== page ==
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Published 3 May 2005

I’ve Got The
Corny Stand Establishment Blues…

PDF version
R.L. (Bob) Nielsen
Agronomy Dept., Purdue Univ.
West Lafayette, IN 47907-2054
Email address:

pril began very warm but ended dismally cold and dreary. Because of the exceptionally warm beginning to April, growing degree day (GDD) accumulations for the month were actually greater than average (Indiana Ag. Statistics, 5/2/05). Corn planted near mid-month, however, has experienced primarily cooler than normal temperatures and many cloudy days to date.

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April 2005 air temperatures in westcentral Indiana. April 2005 growing degree day (GDD) accumulation in westcentral Indiana.

At the Purdue Crop Diagnostic Training & Research Center near W. Lafayette, corn planted on Apr 5 reached 50% emergence 13 days later on Apr 18, fairly quick for such early planting. Corn planted Apr 10 reached 50% emergence only 10 days later on Apr 20, reflecting the even warmer temperatures during that time period. Corn planted Apr 20, the day before the cold snap began, had germinated but not yet begun to emerge 13 days later (May 3).

Pre-emergence corn seedlings 13 days after Apr 20 planting. Pre-emergence corn seedling 13 days after Apr 20 planting.
Pre-emergence corn seedling 13 days after Apr 20 planting.  

Recognize that these calendar times to emergence are in tune with what we would expect based on thermal time (accumulation of GDDs). The first two planting dates reached 50% emergence roughly 121 to 128 GDDs (using soil temperatures) after planting. As of May 3, cumulative GDDs for the Apr 20th planting were only about 60 or about half of what is required for emergence to occur.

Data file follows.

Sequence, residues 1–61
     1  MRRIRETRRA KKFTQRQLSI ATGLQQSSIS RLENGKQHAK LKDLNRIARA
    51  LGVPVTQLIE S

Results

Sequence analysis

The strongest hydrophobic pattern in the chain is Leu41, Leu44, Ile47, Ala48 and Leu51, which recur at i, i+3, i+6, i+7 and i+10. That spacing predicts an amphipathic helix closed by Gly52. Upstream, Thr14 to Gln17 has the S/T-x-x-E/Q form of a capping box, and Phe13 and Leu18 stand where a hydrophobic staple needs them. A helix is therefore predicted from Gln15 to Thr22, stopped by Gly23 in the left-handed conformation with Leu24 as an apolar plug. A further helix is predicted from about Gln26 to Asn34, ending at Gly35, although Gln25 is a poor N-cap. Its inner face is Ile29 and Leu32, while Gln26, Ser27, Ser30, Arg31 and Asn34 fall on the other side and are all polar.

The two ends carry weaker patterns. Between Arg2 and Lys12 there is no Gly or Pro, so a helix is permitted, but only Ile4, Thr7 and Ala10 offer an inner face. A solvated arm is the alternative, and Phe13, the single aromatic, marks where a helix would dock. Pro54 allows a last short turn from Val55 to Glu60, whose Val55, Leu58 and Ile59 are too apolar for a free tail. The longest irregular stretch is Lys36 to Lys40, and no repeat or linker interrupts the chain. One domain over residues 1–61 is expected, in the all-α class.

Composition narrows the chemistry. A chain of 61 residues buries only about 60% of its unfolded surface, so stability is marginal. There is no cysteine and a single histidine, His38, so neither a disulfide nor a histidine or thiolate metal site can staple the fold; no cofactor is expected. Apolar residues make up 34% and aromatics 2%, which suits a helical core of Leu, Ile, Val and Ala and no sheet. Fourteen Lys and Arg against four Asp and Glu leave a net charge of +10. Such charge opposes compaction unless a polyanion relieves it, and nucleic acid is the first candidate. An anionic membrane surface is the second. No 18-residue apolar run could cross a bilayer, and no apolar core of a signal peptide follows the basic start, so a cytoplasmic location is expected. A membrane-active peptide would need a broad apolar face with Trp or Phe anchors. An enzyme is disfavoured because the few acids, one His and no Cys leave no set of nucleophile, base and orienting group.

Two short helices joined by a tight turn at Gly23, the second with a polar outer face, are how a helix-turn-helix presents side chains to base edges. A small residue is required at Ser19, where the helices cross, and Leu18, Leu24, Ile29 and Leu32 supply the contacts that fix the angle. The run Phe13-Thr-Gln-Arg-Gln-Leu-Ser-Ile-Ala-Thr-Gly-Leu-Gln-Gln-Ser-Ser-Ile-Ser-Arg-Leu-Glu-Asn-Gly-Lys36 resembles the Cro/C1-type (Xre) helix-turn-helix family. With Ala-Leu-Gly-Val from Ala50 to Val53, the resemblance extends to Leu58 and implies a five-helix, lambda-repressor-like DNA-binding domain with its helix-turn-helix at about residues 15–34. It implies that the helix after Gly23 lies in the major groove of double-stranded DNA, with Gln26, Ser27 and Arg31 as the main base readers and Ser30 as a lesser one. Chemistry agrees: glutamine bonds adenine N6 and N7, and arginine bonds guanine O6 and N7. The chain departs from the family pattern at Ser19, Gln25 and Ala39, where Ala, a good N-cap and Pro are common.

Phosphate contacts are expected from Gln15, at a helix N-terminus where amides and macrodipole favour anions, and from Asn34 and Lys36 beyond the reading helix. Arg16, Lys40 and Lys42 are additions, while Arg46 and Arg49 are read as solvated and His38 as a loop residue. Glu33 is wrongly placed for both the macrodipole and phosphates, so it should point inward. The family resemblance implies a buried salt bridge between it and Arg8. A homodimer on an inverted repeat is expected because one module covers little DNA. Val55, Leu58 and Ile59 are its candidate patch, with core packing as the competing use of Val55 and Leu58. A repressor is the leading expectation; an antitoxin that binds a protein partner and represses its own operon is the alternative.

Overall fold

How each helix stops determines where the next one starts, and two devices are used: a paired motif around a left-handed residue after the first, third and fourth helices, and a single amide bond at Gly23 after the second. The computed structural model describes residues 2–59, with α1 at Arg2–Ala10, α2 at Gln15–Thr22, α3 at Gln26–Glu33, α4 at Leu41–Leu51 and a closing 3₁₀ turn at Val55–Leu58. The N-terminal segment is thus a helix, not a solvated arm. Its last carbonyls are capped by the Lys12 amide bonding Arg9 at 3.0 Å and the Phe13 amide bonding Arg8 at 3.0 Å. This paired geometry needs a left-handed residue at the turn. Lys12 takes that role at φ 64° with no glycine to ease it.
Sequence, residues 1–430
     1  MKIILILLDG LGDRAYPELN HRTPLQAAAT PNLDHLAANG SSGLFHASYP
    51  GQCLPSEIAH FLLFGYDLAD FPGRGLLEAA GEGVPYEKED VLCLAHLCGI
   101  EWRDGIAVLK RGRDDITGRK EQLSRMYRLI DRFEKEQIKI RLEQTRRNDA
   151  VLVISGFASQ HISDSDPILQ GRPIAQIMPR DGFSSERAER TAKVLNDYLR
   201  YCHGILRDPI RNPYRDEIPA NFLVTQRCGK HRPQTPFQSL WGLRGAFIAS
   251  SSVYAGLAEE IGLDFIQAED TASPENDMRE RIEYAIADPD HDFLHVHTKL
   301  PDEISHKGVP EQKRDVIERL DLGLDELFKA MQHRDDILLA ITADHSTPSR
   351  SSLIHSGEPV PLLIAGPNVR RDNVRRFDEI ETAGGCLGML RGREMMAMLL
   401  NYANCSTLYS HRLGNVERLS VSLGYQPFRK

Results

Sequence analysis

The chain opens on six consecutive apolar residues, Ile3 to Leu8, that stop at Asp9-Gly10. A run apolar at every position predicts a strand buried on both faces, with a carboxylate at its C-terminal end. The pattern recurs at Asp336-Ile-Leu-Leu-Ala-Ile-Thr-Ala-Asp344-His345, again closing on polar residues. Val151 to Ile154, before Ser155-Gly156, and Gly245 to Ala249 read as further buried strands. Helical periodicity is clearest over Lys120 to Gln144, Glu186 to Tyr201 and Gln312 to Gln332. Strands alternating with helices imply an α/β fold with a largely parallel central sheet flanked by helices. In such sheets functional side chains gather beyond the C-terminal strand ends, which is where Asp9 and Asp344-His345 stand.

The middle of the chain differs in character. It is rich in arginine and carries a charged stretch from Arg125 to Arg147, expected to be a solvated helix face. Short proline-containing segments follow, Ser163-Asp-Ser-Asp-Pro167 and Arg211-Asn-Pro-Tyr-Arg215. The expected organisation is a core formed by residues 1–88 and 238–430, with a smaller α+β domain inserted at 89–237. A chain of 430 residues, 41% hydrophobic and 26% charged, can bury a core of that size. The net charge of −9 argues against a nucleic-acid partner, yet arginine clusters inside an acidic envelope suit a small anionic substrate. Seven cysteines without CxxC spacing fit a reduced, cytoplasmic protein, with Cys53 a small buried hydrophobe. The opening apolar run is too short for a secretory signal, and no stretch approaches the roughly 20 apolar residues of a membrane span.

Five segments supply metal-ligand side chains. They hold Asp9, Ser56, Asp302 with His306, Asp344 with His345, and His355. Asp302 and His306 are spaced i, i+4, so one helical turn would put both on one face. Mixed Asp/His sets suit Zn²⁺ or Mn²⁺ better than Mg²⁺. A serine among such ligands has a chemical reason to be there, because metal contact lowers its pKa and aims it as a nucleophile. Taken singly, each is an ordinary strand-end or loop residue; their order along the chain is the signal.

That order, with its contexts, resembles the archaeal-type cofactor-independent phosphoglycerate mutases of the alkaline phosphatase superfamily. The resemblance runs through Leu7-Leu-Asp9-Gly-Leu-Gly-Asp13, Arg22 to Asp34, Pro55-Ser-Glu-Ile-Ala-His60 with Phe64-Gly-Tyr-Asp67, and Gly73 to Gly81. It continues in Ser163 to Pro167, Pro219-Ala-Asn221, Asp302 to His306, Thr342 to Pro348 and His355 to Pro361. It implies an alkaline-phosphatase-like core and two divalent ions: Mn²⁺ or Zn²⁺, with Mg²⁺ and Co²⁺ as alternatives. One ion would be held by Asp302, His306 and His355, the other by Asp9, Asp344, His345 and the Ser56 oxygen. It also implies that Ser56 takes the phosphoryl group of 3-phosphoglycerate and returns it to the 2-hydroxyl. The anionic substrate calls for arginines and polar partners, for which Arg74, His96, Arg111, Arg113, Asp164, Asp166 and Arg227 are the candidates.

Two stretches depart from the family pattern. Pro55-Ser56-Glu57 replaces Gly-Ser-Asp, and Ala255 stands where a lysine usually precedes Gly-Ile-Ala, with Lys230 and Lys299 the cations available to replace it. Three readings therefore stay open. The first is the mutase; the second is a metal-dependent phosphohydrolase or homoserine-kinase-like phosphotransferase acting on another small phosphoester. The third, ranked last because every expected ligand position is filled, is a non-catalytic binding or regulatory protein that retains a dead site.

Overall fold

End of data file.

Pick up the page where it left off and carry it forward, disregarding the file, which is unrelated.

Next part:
Growers who planted corn during the first half of April are naturally concerned about the health of emerged stands (given the multiple occurrences of frosts and near-lethal temperatures coupled with sub-optimal temperatures and lack of sunshine) and wonder whether fields not yet emerged will ever do so. Some feel the emotional pressure to replant to put an end to their misery (the grower’s, not the corn plants’). After all, those putrid yellow-brown-green plants surely can never recover to achieve their original yield potential, right?

It is true that the combination of cold temperatures, light frost, often-cloudy weather, and (for some) saturated soils is not particularly favorable for rapid and uniform corn emergence or stand establishment. The cool, cloudy weather has also delayed overall crop development to the extent that it is very difficult to determine whether a stressed field will recover satisfactorily or will continue to deteriorate with eventual significant stand losses.

The warmer temperatures forecast for the latter part of this week will not only hasten the pace of crop development, but will also better enable growers to assess the condition of their early-planted fields. As I indicated in my most recent article (Nielsen, 2005), growers should not rush to replant these suspect fields. Here are some points to consider.

Related References

Indiana Ag. Statistics. 2 May 2005. Indiana Crop & Weather Report. Vol. 55, No. 18. U.S. Department of Agriculture. Available online at [URL verified 5/3/05].

Loux, Mark. 2005. Replanting Roundup Ready Corn – how to kill the first planting? Crop Observation & Recommendation Network, Ohio State Univ. Available online at [URL verified 5/3/05].

Malvick, Dean. 2005. Corn Seed and Seedling Diseases. Illinois Pest & Crop Bulletin. Univ. of Illinois. Available online at [URL verified 4/29/05].

Nielsen, R.L. (Bob). 2003. Estimating Yield and Dollar Returns from Corn Replanting. Purdue Univ. Cooperative Ext. Service Publication AY-264-W. Available online at [URL verified 4/28/05].

Nielsen, R.L. (Bob). 2005. Stress Continues for Corn Growing Under Refrigerated Conditions. Corny News Network, Purdue Univ. Available online at [URL verified 5/3/05].

Thomison, Peter. 2005. Corn Replanting Considerations - don’t be in rush to replant. Crop Observation & Recommendation Network, Ohio State Univ. Available online at [URL verified 5/3/05].


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For other information about corn, take a look at the Corn Growers' Guidebook at

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